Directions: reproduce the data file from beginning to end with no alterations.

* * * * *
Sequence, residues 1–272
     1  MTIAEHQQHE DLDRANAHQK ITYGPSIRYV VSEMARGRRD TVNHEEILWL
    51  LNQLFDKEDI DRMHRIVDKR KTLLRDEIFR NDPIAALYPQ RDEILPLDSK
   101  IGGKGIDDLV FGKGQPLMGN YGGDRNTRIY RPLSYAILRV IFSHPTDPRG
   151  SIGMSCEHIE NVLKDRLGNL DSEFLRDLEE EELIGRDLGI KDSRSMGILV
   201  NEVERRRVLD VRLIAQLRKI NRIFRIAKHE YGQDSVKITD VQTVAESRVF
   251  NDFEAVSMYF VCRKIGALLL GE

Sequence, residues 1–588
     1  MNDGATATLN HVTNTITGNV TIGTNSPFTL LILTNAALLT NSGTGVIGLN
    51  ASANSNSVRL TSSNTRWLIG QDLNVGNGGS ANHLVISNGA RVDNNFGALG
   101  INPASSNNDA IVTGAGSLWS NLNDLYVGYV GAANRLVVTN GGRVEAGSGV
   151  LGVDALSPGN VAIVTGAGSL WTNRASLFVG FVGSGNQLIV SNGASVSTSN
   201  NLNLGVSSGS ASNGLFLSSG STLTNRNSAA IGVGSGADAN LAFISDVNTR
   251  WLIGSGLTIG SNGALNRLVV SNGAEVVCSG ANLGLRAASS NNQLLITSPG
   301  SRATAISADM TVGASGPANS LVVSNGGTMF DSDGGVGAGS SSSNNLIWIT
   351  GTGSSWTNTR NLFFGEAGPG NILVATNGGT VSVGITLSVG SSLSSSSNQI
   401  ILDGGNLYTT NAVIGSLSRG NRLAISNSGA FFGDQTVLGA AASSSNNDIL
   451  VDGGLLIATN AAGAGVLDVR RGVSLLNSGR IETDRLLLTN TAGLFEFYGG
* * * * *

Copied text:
Sequence, residues 1–272
     1  MTIAEHQQHE DLDRANAHQK ITYGPSIRYV VSEMARGRRD TVNHEEILWL
    51  LNQLFDKEDI DRMHRIVDKR KTLLRDEIFR NDPIAALYPQ RDEILPLDSK
   101  IGGKGIDDLV FGKGQPLMGN YGGDRNTRIY RPLSYAILRV IFSHPTDPRG
   151  SIGMSCEHIE NVLKDRLGNL DSEFLRDLEE EELIGRDLGI KDSRSMGILV
   201  NEVERRRVLD VRLIAQLRKI NRIFRIAKHE YGQDSVKITD VQTVAESRVF
   251  NDFEAVSMYF VCRKIGALLL GE

Sequence, residues 1–588
     1  MNDGATATLN HVTNTITGNV TIGTNSPFTL LILTNAALLT NSGTGVIGLN
    51  ASANSNSVRL TSSNTRWLIG QDLNVGNGGS ANHLVISNGA RVDNNFGALG
   101  INPASSNNDA IVTGAGSLWS NLNDLYVGYV GAANRLVVTN GGRVEAGSGV
   151  LGVDALSPGN VAIVTGAGSL WTNRASLFVG FVGSGNQLIV SNGASVSTSN
   201  NLNLGVSSGS ASNGLFLSSG STLTNRNSAA IGVGSGADAN LAFISDVNTR
   251  WLIGSGLTIG SNGALNRLVV SNGAEVVCSG ANLGLRAASS NNQLLITSPG
   301  SRATAISADM TVGASGPANS LVVSNGGTMF DSDGGVGAGS SSSNNLIWIT
   351  GTGSSWTNTR NLFFGEAGPG NILVATNGGT VSVGITLSVG SSLSSSSNQI
   401  ILDGGNLYTT NAVIGSLSRG NRLAISNSGA FFGDQTVLGA AASSSNNDIL
   451  VDGGLLIATN AAGAGVLDVR RGVSLLNSGR IETDRLLLTN TAGLFEFYGG